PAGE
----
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June 2006 – No need for Eurocode haste

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There is a lot of myth and misinformation doing the rounds about the introduction of Eurocodes, but one thing that should be clear is that there is no need to rush into anything. Professor David Nethercot makes that point in his report in this issue on where we have got to with Eurocodes, and what organisations should be thinking about doing.

There is never any room for complacency when crucial changes like this are in the offing, but the balance of risk seems to be against doing much more than simply keeping a watching brief until timetables for the introduction of Eurocodes are clearer. Leading design practices have said that they are not even going to think about Eurocodes for some time – some have even banned staff from going on Eurocode related training for the time being.

Discussions between the Department for Communities and Local Government and the steel sector have confirmed that there are no plans to remove BS 5950 Part 1 from the Building Regulations for many years ahead. Government will only take that step if industry makes the switch itself. Even if BSI decided to drop BS 5950 Part 1 the construction industry could maintain it as an ‘industry standard’.

It is worth remembering that it took over 20 years to make the switch to BS 5950 Part 1 from BS 449. BSI seems to think that the switch to Eurocodes will take place over three years, but this is an impractical timetable. The European Commission agreed with the European Standards Organisation (CEN) that the switch would take at least six years or so. BSI might like everyone to purchase new standards within a three year timescale, but whereas that might suit BSI’s commercial needs, it would not suit the industry’s.

However, the steel industry recognises that we are approaching a transition period and is working hard to ensure that appropriate information and guidance will be available as and when required.

The steel sector is in talks with government, the procurement specialists in the Office of Government Commerce and leading clients to determine a clear definition of policy and a timetable. Everyone will be kept fully posted and fears about being left behind in the rush to ‘Europeanise’ steel design can be put to one side. Design to BS 5950 Part 1 can continue to be used for many years yet.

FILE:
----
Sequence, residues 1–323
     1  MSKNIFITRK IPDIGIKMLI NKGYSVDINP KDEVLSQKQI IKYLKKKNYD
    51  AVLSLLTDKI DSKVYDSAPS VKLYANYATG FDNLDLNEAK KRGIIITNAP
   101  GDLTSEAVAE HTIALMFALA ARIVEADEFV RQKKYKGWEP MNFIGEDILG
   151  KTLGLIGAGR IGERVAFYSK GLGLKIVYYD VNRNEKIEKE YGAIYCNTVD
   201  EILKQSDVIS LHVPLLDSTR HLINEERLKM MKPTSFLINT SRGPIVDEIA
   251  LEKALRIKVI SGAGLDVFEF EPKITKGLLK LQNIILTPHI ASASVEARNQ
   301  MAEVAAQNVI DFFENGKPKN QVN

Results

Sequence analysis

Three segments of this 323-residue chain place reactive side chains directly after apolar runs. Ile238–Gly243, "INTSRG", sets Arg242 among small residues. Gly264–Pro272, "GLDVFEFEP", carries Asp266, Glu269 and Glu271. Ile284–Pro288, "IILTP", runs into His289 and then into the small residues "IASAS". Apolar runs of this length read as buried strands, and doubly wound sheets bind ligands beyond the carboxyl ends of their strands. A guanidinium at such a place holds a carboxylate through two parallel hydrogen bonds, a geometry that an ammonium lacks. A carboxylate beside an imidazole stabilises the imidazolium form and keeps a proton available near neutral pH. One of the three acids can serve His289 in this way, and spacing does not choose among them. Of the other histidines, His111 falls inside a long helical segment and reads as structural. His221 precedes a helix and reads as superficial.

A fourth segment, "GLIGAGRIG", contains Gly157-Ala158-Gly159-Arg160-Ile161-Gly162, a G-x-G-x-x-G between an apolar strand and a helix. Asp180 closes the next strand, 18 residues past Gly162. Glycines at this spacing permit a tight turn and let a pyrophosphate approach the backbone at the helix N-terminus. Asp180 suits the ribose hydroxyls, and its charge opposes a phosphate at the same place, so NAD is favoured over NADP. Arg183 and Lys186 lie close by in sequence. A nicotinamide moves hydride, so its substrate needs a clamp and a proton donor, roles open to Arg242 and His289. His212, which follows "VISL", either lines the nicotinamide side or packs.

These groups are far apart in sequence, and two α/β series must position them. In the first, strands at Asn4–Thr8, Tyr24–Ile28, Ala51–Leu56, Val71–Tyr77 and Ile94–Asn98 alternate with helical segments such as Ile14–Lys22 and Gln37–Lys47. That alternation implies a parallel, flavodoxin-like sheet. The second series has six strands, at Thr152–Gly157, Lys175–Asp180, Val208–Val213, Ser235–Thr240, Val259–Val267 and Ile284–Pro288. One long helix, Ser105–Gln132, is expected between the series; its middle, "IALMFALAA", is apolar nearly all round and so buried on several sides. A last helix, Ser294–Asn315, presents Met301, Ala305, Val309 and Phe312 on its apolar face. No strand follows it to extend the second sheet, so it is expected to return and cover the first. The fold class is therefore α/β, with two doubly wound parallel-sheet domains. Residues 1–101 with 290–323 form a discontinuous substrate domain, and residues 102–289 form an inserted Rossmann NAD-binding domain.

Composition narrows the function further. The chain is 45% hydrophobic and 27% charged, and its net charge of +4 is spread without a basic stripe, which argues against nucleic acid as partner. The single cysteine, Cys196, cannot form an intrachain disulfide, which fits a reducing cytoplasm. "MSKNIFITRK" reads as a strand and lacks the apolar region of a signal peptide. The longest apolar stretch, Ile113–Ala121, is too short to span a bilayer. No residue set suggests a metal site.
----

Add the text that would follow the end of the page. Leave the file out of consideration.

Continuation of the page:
Competitive advantage growing

Prices of all the raw materials needed to make steel have been rising strongly on world markets as the commodities boom continues. Nobody can tell how much further this boom has to run, or how far raw materials prices might fall back when and if it does end.

One thing that can be reasonably confidently predicted though is that steel will retain its competitive advantage in the marketplace against competing materials. BCSA has predicted rises of an average of 15% for fabricated steelwork over the course of 2006. Producers of alternative materials are feeling the same upward pressures as steel manufacturers and it is worth remembering that a concrete framed building, for example, relies on steel to a remarkable degree, containing only 33% less steel than a steel framed building.

The market is choosing steel for a combination of reasons other than price anyway. The sustainability arguments for instance are compelling, with 94% of steel already recycled. This figure was achieved routinely before the world was anything like as sustainability conscious as it is today, and the industry is committed to making that figure rise.  Safety is another area where the steel sector is gaining recognition and clients increasingly ask, what price a safer site? Rather than focus on the price of steel, clients should be encouraged to look at the costs of not using it.

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